It’s Time To Rethink Leadership Development:
Leadership excellence is fundamental to the health and performance of an organisation. Leadership development, however, in most cases is a costly affair. It therefore warrants careful consideration of what organisations hope to achieve when they invest in Leadership Development leadership development. If the point of departure is to help people excel as highly competent individuals, then the criteria for a development programme would be different from one where the goal is to grow people in order to achieve more with and through others – in other words true leadership and teamwork.
Changing perceptions and expectations of leadership
Times change and so do the perceptions and expectations of leadership. If we lived in ancient times when progress meant territorial dominance and hard, hand-fought victories on the battlefield, we would be looking for strong, brave and imposing men with some ability to out-think the enemy. If we lived in the industrial age we would be looking for superior scientific minds. As the world became more ordered, specialised and hierarchically structured in governments, institutions, business and many others types of organisations; technical or functional ability and political astuteness (skilful in tactics and power play) allowed many to rise to the top and thus be recognised as leaders. In this scenario, leadership is typically exercised through command and control complimented by concomitant tactics of intimidation and manipulation. Unfortunately, there are far too many examples with this type of leadership and organisations may be stuck in this old mindset.
Instruments of power
Where command and control still delivers results, the people have resigned themselves to the idea that they are fundamentally either stronger or weaker instruments of power – in some cases they paint themselves powerless for life, in others they believe they are untouchable and as a result often ruin their personal relationships. They fear or respect power for the sake of power. Where those at the top embrace the culture — and why would they not if they were successful in and beneficiaries of it — they will more likely than not, consciously or unconsciously, further entrench this culture through the choices they make on training and development. It does not bode well for the future in a world where optimum learning, flexibility and responsiveness are such important factors for success.
The cost for organisations, and more specifically, when the leadership are poorly aligned with societal changes is immeasurably high. Today’s knowledge worker commits themselves when they experience the freedom to be creative and enterprising. In a command and control environment they feel inhibited and frustrated; the result being untapped potential. Moreover, people in such an environment often withhold critical information which ultimately comes at a cost to the organisation.
Another cost factor is that employees who are not intrinsically motivated but prepared to submissively and passively ‘sit out’ their careers for the sake of a salary cheque, are nowadays difficult and expensive to get rid of. The longer we have command and control environments (as it is experienced by the common worker, since it is seldom acknowledged by the leadership), the more disengaged people will become. Progressive organisations, understand what is required of a modern-day leader, and are quickly pulling away from their counterparts who continue to practice the archaic command and control tactics.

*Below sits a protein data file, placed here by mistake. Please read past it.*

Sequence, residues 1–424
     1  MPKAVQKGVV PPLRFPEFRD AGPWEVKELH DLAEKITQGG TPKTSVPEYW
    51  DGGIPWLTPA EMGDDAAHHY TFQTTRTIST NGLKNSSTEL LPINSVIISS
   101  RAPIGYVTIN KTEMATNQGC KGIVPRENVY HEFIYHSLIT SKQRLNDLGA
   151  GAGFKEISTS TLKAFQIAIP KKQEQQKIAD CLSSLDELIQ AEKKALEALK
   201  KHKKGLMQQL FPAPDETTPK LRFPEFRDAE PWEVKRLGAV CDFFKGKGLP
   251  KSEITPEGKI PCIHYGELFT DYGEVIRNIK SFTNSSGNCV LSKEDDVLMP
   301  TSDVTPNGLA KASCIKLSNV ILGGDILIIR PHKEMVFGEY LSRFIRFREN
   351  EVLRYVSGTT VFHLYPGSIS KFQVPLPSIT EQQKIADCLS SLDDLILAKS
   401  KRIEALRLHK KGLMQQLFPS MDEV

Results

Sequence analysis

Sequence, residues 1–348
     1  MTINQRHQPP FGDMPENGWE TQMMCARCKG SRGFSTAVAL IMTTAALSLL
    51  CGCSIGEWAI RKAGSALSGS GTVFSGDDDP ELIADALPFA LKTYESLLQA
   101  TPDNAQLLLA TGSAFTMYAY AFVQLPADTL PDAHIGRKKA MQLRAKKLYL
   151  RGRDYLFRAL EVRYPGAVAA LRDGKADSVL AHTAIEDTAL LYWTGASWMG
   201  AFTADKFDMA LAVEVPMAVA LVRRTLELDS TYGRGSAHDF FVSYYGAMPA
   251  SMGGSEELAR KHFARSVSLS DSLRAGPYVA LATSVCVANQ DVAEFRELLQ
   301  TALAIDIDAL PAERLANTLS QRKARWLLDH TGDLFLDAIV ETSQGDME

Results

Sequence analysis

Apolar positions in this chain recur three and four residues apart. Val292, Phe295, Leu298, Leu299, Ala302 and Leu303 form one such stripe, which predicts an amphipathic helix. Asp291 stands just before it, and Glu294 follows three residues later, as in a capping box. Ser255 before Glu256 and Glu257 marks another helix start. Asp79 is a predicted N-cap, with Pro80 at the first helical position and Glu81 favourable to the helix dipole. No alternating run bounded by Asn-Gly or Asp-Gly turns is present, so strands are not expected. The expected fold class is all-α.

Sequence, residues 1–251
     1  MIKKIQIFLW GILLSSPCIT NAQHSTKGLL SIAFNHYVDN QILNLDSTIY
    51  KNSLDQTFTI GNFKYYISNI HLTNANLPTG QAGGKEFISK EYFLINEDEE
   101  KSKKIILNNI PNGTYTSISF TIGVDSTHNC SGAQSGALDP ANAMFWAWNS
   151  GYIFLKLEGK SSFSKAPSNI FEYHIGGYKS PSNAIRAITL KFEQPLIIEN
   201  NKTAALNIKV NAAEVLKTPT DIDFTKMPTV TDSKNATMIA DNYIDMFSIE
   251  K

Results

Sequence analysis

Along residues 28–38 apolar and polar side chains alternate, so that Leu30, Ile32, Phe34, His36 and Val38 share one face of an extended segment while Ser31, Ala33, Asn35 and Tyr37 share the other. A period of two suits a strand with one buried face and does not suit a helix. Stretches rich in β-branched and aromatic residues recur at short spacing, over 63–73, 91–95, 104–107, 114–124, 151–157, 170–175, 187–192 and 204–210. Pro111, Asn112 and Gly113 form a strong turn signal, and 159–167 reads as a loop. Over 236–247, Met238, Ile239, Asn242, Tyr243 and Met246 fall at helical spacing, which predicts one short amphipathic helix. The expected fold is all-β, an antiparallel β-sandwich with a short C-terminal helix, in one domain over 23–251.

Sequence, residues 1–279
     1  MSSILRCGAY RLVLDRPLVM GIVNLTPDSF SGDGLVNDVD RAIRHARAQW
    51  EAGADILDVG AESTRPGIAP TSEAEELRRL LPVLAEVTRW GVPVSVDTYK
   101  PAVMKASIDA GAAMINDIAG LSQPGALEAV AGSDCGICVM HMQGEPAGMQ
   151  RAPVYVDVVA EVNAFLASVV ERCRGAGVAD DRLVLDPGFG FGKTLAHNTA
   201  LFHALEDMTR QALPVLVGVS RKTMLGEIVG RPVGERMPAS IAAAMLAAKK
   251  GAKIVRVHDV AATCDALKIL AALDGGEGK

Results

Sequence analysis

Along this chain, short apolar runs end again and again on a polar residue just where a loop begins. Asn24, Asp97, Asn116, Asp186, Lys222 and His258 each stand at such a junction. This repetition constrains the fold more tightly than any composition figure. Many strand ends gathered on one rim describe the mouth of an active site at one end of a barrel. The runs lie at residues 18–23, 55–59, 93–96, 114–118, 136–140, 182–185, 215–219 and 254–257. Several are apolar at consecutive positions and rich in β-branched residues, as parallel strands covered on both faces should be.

The key shift
Who do we regard as good leaders? Who is climbing the ladder to higher positions of authority and power? Who gets the benefit of the doubt when it comes to filling leadership positions? Is it not those with a strong knowledge base as reflected in their academic qualifications and other certificates? Is it not those with technical know-how and management experience? And is it not those who have demonstrated the ability to use their positional power to get quick results? We believe these are the three criteria most people have in mind when they consider candidates for leadership positions. Whoever fits the bill, can be forgiven if he or she feels superior to the rest. The combination of high intellect, know-how, tactical skill and a robust ego is a powerful one. It is almost inevitable that the leadership challenge ends up to be no more than a battle of wits and ego’s in budget, planning and strategy sessions. Teamwork, the key to success, suffers as a result.
How would leadership development programmes be of any use for the above? If it means another qualification to go on the manager’s CV, more ideas, theories, models and arguments for the meeting room, and perhaps some insights that could improve personal effectiveness, then it will fit the requirement well. But the question that needs to be asked above all is: what is the value for the organisation as a whole? What is the positive influence on those who work with the leader, their morale, energy, focus, productivity, willingness to take responsibility, innovativeness, and own leadership development? Furthermore, what are the ethical and governance values being driven by the organisation and its leaders, and do management support these? And then, what are the positive changes that others see in terms of the manager’s willingness to sacrifice for the cause, openness to feedback, team-orientation, his/her courage to name the real issues that prevent growth in the organisation, and work towards much needed transformation?